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Democracy in the Middle East? A Snapshot from ICANN

Democracy in the Middle East is a controversial and evolving issue, but it was on grand display among members of a new ICANN working group



ICANN’s Policy Development Process Infographic, in Arabic.

ICANN's new Middle East and Adjoining Countries Strategy Working Group (MEAC SWG) is set to build on the work of the 2013-2016 group, focusing on the domain name industry, domain name system (DNS) security, and Internet governance ecosystem in the MEAC region (22 Arab states and Turkey, Iran, Afghanistan, and Pakistan).

The working group’s first mission this summer was to choose its leaders. The process of choosing a chair and vice chair illustrated democratic preferences and practices across the region. The 48 members were asked to nominate candidates. The working group’s guidelines for the several candidates were to try to come to some consensus on who should fill each position. After a few days of nominations and negotiations among the nominees, an agreement was reached and announced.

What followed was a vigorous debate among the members. Dozens of group emails criss-crossed the region, not about who should be chair and vice chair, but about the process. Some pointed to the original guidelines, indicating they should, and had been, followed. But others clamored for a voice in the process. They wanted a vote by all the members, not just a private settlement among the nominees.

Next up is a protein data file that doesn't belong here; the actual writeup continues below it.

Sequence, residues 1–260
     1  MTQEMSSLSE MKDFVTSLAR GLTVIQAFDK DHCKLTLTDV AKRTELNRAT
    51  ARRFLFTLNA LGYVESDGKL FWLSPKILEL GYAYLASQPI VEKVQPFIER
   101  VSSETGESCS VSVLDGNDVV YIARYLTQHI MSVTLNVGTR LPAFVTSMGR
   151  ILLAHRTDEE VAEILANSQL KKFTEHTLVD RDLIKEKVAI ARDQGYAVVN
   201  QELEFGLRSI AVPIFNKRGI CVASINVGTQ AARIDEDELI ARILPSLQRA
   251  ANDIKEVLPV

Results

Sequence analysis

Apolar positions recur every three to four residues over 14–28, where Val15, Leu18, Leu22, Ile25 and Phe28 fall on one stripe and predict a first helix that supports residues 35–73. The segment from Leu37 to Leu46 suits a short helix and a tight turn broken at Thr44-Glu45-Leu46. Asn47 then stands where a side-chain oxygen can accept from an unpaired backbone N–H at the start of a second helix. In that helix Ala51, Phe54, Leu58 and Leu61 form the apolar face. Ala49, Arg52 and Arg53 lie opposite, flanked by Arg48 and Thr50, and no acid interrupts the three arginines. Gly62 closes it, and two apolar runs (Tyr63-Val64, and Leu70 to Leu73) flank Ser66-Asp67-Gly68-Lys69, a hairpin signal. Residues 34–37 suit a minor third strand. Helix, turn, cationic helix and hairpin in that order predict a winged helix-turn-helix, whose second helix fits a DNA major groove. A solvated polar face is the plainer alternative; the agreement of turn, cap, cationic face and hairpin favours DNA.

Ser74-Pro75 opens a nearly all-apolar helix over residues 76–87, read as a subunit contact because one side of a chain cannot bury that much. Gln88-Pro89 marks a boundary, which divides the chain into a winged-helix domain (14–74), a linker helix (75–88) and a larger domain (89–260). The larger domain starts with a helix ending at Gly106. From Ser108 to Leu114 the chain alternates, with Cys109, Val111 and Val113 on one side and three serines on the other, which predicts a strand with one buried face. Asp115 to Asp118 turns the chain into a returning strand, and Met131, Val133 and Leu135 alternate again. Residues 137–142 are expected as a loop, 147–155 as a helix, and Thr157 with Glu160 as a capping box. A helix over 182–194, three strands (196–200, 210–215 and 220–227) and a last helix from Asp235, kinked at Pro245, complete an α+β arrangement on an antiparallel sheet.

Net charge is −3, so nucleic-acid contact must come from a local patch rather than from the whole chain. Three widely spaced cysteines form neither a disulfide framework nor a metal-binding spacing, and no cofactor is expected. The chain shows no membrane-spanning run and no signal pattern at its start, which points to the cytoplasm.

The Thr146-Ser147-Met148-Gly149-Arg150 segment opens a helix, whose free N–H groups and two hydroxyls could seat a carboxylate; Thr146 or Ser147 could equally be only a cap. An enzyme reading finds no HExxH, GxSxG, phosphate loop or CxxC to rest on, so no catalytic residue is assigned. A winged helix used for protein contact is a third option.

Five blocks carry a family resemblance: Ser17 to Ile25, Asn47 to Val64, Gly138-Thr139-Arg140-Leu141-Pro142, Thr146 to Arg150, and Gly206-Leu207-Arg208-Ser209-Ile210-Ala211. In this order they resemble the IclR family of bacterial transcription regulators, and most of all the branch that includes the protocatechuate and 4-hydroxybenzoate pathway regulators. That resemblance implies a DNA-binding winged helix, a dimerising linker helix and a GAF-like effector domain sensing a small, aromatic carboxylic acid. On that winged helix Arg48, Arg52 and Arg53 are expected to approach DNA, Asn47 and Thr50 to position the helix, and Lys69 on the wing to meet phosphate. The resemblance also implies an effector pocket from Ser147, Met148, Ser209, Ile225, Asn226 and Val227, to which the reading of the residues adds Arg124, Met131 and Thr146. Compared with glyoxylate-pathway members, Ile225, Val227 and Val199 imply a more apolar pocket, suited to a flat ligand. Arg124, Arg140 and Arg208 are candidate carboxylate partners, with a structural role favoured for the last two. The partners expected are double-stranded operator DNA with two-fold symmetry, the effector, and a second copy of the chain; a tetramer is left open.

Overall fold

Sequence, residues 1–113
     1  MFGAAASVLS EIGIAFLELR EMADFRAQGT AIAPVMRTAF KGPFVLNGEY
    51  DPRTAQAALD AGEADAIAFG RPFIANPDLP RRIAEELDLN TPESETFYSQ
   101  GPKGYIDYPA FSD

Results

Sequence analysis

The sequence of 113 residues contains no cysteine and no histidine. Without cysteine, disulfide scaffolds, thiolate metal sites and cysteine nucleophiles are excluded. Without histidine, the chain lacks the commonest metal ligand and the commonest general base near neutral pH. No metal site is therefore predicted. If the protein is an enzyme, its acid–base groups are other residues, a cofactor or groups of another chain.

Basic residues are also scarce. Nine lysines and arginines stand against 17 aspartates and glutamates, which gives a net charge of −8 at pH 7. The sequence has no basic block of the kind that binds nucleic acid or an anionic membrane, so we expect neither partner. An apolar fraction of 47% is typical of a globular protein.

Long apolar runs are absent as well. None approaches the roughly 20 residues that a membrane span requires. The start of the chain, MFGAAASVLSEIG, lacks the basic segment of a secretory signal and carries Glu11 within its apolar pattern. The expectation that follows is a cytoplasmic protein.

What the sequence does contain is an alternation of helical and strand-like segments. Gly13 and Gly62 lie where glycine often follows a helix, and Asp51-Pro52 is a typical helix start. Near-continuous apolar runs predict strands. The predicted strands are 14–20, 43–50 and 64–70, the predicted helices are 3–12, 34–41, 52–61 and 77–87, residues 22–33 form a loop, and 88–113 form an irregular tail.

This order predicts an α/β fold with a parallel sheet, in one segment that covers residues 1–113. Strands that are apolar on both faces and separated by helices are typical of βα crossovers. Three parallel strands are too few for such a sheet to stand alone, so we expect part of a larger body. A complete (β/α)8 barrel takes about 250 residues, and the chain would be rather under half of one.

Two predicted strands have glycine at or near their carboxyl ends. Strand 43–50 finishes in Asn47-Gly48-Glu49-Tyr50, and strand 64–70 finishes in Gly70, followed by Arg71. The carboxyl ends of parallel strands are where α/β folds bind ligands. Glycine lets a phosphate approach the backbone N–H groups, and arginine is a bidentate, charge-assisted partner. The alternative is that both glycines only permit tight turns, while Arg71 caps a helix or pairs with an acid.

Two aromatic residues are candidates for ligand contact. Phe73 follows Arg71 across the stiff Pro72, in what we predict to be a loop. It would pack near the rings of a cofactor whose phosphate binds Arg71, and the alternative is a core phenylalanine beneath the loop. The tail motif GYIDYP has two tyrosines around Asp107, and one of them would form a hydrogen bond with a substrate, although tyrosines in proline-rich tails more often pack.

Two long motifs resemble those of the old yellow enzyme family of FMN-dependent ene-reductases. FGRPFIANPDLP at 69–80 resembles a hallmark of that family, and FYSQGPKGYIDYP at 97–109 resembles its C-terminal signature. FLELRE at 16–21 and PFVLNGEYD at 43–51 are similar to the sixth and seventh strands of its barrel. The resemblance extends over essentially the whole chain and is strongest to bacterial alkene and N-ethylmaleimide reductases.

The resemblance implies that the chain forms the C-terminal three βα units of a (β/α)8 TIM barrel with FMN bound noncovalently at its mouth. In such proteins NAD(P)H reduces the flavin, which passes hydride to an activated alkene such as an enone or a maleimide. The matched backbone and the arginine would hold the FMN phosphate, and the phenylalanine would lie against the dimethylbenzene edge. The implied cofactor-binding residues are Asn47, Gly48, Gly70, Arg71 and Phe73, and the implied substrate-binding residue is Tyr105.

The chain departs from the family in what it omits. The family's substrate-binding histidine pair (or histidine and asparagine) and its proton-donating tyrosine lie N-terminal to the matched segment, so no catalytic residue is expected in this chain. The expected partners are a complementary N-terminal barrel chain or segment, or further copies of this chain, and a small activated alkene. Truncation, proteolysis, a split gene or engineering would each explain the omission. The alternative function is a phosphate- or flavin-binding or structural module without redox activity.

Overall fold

A special conference call for committee members was convened. The tone was civil and cooperative, but the message was unmistakable. As one member stated simply and urgently, “My objection is not to the people, my objection is to the process…. [The members] did not have a say” in who the chair and vice chair would be.

The conference call permitted any member to contribute his or her opinions, and many did. In the end, the group and its ICANN staff support agreed: a new call for nominations was followed by a vote among all the members.

The substantive work of MEAC SWG is now well underway. Its work is intended to contribute significantly to Internet growth in the greater Middle East. But its initial taskspirited, robust demands by its members to select its leadership in a transparent, democratic process, and the consensual management of organizing itself democraticallyis itself illuminating.

The author is a 2016-2019 member of ICANN MEAC SWG. 
A version of this post originally appeared on the Foreign Policy Assn's blog.
Photo: ICANN,

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